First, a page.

Diana Rubino talks about From Here to 14th Street and For the Love of Hawthorne


Welcome to author Diana Rubino! 

Join us for a glimpse of some great historical romances!

Diana Rubino writes about folks through history who shook things up. Her passion for history and travel has taken her to every locale of her books, set in Medieval and Renaissance England, Egypt, the Mediterranean, colonial Virginia, New England, and New York. Her urban fantasy romance, FAKIN’ IT, won a Top Pick award from Romantic Times. She is a member of Romance Writers of America, the Richard III Society, and the Aaron Burr Association. When not writing, she owns CostPro, Inc., an engineering business, with her husband Chris. In her spare time, Diana bicycles, golfs, does yoga, plays her piano, devours books, and lives the dream on her beloved Cape Cod.

Connect with Diana:

My Website:  www.dianarubino.com

My Blog:  www.dianarubinoauthor.blogspot.com

Facebook:  https://www.facebook.com/DianaRubinoAuthor/?ref=hl

Twitter:  https://twitter.com/DianaLRubino

Goodreads:  http://bit.ly/1V3GCgt

What would you say are your strengths as an author?

I’ve been told by readers and editors that my historical details are marvelous—that’s a great compliment, because I spend a lot of time on research, fueling my passion for history. I try to get all my facts correct, and enjoy doing as much digging as I need to. It wasn’t as instant before we had the internet, so I had to rely on the history books, and was fortunate to find experts and scholars to help me along.

How often do you write, and do you write using a strict routine?

When I’m in the throes of a work in progress, I work weekdays, from late morning until I’ve written 2,500 words, my daily goal. Some days it takes longer than others to reach that goal, but I don’t stop till I get there. Before writing every day, I re-read and edit what I’ve written the day before.

Five years from now, where do you see yourself as a writer?

I want to continue writing biographical novels about strong women. I have a dear friend Angela Rosati who is 91, and still writing historical romances. If she can do it, I can do it (but I’m more than a few decades away from her age!)

If you could offer once piece of advice to a novice writer, what would it be?

To all you aspiring novelists slaving away: keep writing. Keep practicing. Most of all, don’t ever give up on your dream. Just having a dream makes you very special. If you get impatient because it’s taking so long, just ask yourself this: Why does 16-year Scotch take 16 years? Some things are worth waiting for.

What would you consider to be the best compliment a reader could give your book?

That it made them laugh, or it made them cry. Then I know I did my job, because storytelling is about evoking emotion.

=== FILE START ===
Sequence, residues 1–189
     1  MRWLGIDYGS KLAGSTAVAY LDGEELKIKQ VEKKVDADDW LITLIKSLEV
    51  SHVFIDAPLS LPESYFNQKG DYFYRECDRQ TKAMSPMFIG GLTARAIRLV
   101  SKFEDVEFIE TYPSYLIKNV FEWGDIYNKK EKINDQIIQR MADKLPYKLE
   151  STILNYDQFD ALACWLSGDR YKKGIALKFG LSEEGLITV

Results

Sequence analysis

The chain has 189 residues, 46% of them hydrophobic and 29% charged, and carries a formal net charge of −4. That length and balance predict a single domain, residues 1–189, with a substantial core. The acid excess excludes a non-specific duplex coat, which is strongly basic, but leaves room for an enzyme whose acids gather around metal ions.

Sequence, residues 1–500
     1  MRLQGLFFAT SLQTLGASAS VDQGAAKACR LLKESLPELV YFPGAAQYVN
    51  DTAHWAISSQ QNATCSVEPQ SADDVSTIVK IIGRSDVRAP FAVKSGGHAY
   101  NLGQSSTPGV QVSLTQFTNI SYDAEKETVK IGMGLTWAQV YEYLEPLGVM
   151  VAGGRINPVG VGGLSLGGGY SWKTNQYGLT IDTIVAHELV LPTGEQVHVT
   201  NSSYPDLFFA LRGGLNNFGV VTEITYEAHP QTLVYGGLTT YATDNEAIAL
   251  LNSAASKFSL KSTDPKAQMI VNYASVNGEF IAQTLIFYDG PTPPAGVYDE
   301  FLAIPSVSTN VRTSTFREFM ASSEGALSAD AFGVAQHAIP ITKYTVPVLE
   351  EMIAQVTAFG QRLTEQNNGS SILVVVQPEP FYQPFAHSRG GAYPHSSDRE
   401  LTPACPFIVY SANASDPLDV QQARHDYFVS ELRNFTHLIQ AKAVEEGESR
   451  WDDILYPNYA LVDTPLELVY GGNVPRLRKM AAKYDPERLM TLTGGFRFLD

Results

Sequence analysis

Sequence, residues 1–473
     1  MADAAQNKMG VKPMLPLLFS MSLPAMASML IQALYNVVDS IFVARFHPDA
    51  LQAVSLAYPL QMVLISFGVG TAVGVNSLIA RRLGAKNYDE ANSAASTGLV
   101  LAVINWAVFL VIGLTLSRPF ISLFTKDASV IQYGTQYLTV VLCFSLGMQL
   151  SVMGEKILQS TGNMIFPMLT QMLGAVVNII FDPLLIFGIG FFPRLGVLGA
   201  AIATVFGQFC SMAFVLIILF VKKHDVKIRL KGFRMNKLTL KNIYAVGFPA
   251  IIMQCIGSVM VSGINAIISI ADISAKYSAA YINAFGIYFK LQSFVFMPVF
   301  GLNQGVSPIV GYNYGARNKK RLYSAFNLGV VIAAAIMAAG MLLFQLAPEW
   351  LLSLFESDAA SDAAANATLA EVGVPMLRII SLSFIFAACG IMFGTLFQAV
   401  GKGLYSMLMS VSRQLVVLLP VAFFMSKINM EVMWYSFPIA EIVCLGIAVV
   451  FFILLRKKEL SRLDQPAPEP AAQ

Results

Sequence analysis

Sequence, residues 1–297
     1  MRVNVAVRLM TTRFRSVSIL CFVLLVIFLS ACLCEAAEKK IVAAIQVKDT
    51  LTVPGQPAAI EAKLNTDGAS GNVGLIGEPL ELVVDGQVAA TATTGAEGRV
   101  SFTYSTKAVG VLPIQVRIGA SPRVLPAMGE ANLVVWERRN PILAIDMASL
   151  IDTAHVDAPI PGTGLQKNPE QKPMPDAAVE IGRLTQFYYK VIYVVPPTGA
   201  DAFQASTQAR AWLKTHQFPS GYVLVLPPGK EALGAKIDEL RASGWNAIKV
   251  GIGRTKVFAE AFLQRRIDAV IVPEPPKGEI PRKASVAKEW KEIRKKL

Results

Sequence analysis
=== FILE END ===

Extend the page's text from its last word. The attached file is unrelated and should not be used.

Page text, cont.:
What are you working on now?

I’m finishing up a novel about Edith (Mrs. Theodore) Roosevelt, set in the 1890’s. She was very devoted to her husband and children, but I gave her another dimension in my book—she becomes a valuable asset to the New York Police Department, of which Theodore was Police Commissioner during this time, and assists them in finding a serial killer—actually, she finds him all by herself.



It's 1894 on New York's Lower East Side. Irish cop Tom McGlory and Italian immigrant Vita Caputo fall in love despite their different upbringings. Vita goes from sweatshop laborer to respected bank clerk to reformer, helping elect a mayor to beat the Tammany machine. While Tom works undercover to help Ted Roosevelt purge police corruption, Vita's father arranges a marriage between her and a man she despises. As Vita and Tom work together against time and prejudice to clear her brother and father of a murder they didn't commit, they know their love can survive poverty, hatred, and corruption. Vita is based on my great grandmother, who left third grade to become a self-made businesswoman and politician, wife and mother.

Universal Amazon purchase link: getBook.at/NewYorkSagaBookOne



Nathaniel Hawthorne’s courtship of Sophia Peabody lasted over three years because he insisted on keeping it secret. He had his reasons, none of which Sophia agreed with. But she knew they were destined for each other and he was worth the wait. When they married in 1842 “we became Adam and Eve alone in our Garden of Even” she wrote in her journal. But not all was paradise in their Eden—Nathaniel bore a burden that plagued his family since 1692. His ancestor Judge Hathorne condemned 19 innocent victims to death during the Salem witch trials. His heinous deeds brought shame and guilt upon the family through the centuries. In her last moments on earth, Sarah Good cursed the judge and his descendents from the hanging tree. Nathaniel’s belief in this curse haunted and tormented him until Sophia made it her quest to save him. This love story portrays the lives of two kindred souls whose legacy endures through the ages.   

Universal Amazon purchase link: getbook.at/LoveOfHawthorne



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